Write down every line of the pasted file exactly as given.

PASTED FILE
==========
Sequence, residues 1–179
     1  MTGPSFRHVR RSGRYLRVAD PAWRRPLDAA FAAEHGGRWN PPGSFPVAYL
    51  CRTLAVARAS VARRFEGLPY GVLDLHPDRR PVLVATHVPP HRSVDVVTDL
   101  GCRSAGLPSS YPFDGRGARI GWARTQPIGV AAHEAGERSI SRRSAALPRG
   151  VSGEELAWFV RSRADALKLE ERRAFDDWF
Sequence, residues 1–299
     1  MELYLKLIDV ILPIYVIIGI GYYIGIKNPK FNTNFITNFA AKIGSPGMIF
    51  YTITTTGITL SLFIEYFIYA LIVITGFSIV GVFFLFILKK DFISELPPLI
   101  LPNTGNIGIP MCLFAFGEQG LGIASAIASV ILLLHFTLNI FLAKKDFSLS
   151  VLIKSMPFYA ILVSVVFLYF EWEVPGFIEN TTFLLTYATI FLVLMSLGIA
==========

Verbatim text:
Sequence, residues 1–179
     1  MTGPSFRHVR RSGRYLRVAD PAWRRPLDAA FAAEHGGRWN PPGSFPVAYL
    51  CRTLAVARAS VARRFEGLPY GVLDLHPDRR PVLVATHVPP HRSVDVVTDL
   101  GCRSAGLPSS YPFDGRGARI GWARTQPIGV AAHEAGERSI SRRSAALPRG
   151  VSGEELAWFV RSRADALKLE ERRAFDDWF
Sequence, residues 1–299
     1  MELYLKLIDV ILPIYVIIGI GYYIGIKNPK FNTNFITNFA AKIGSPGMIF
    51  YTITTTGITL SLFIEYFIYA LIVITGFSIV GVFFLFILKK DFISELPPLI
   101  LPNTGNIGIP MCLFAFGEQG LGIASAIASV ILLLHFTLNI FLAKKDFSLS
   151  VLIKSMPFYA ILVSVVFLYF EWEVPGFIEN TTFLLTYATI FLVLMSLGIA